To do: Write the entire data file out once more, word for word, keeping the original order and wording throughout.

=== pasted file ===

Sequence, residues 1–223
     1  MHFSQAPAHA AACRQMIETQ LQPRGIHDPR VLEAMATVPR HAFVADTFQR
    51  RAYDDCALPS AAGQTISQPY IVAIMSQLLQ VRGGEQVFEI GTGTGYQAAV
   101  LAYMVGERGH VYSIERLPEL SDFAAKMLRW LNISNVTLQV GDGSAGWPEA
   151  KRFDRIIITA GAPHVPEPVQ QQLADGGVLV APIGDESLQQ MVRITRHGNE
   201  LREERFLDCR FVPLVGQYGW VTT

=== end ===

Sequence, residues 1–223
     1  MHFSQAPAHA AACRQMIETQ LQPRGIHDPR VLEAMATVPR HAFVADTFQR
    51  RAYDDCALPS AAGQTISQPY IVAIMSQLLQ VRGGEQVFEI GTGTGYQAAV
   101  LAYMVGERGH VYSIERLPEL SDFAAKMLRW LNISNVTLQV GDGSAGWPEA
   151  KRFDRIIITA GAPHVPEPVQ QQLADGGVLV APIGDESLQQ MVRITRHGNE
   201  LREERFLDCR FVPLVGQYGW VTT